Capacity Building

 To download the Plan in full, scroll down.

The HR/IHL Secretariat’s main objectives are to: empower partner organisations and improve their ability to participate more effectively in empowering right holders and duty bearers; advocate for change of behaviour of duty bearers; and ensure results-based improvement of their work on their specific mandates. The Secretariat will focus on both the comprehensive and generic aspects of capacity development in relation to systems, (the HR/IHL CSO) sector and individuals.  

The capacity development approach adopts a strategy by which operational management, generating public interest values and managing the external environment are the key pillars in guiding engagement with CSOs.

Capacity development activities with CSOs will identify “traditional” values that are consistent with developing relationships based on tolerance and mutual trust. CSOs could serve as the incubator for promoting such values. Capacity development activities build on these values to strengthen CSOs operational and individual management capabilities based on transparency, accountability, integrity and equity.

The Secretariat’s additional capacity development objectives include the following:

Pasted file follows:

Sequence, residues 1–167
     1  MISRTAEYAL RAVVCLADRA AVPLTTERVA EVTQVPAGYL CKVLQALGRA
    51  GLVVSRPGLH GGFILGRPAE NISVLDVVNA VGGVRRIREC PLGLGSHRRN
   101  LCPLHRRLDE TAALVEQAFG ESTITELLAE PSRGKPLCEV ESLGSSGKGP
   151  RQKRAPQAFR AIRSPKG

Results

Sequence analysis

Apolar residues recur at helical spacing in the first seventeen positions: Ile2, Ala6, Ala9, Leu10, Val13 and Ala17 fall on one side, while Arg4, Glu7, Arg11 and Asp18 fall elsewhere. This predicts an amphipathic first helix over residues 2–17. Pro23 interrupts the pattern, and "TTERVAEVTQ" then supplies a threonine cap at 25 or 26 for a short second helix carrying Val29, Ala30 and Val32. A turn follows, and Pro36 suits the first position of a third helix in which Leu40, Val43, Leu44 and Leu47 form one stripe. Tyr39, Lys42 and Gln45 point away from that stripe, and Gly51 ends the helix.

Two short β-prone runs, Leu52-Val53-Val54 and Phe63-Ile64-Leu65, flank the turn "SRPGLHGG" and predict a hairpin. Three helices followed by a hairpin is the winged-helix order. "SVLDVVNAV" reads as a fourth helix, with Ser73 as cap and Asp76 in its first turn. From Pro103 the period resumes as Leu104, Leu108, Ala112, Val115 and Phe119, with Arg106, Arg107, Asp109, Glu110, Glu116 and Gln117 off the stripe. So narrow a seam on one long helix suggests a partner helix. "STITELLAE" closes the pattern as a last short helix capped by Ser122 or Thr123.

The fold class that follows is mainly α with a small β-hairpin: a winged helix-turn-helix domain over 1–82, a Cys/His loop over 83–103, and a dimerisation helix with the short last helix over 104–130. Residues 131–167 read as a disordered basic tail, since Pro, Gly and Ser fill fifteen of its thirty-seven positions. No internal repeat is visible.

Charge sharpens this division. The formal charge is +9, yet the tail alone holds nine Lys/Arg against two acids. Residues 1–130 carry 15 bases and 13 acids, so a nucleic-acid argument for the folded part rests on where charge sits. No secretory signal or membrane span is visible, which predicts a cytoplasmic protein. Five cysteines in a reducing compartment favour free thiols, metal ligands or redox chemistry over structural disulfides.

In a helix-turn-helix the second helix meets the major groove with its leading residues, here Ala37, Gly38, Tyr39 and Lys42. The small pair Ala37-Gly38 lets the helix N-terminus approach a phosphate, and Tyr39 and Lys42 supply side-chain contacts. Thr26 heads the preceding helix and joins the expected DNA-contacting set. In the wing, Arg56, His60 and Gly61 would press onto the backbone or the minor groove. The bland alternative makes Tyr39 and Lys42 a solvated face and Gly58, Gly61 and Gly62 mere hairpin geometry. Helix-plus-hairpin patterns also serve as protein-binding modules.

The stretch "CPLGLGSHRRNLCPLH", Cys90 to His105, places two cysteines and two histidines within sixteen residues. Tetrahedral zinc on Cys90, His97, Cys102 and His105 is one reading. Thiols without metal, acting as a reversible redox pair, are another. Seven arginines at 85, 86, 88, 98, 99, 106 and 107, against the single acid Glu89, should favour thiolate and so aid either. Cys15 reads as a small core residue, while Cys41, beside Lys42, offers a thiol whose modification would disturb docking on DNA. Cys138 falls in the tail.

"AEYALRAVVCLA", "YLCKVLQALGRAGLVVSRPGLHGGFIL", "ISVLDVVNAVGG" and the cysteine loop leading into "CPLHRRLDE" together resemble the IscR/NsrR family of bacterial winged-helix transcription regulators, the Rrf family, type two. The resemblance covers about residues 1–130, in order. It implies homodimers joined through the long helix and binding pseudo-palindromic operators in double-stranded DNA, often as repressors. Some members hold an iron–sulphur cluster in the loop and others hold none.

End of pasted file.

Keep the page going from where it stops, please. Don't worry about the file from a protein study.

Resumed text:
1. Improving performance quality of CSO professional and administrative staff through providing them with tools and skills (where needed) in IHL, HRBA, UN mechanisms and international advocacy.
  2. Empowering CSO professionals with knowledge and skills in financial management, human resource management and project cycle management.
  3. Strengthening partnerships, networking and peer-to-peer learning among various CSOs and other members of civil society in order to ensure knowledge transfer and exchange of best practices.
  4. Improving existing systems or introducing new ones in order to ensure having a proper organizational structure where individuals can better provide quality services and play effective community roles.
  5. Supporting an environment of accountability in terms of measurement of tangible results and impact.
  6. Ensuring CSOs participation through the participatory application of needs assessment tools, and increasing their ability to identify their needs and manage required reforms.
  7. Enabling CSOs to become learning organizations that can reflect, and create refinements on their own.
  8. Capacity building interventions should be more structural and systematically framed, building upon a participatory capacity assessment approach.
  9. Linkages between capacity development and policy dialogue need to be highlighted and developed, providing indicators for monitoring progress and documenting changes in CSO organizational performance and behavior.
  10. The Secretariat should expand the capacity building measures to go beyond institutional capacity building to include capacity building on the content of the work (e.g. international HR law, international criminal law, HRBA, gender analysis, government budgeting, etc.).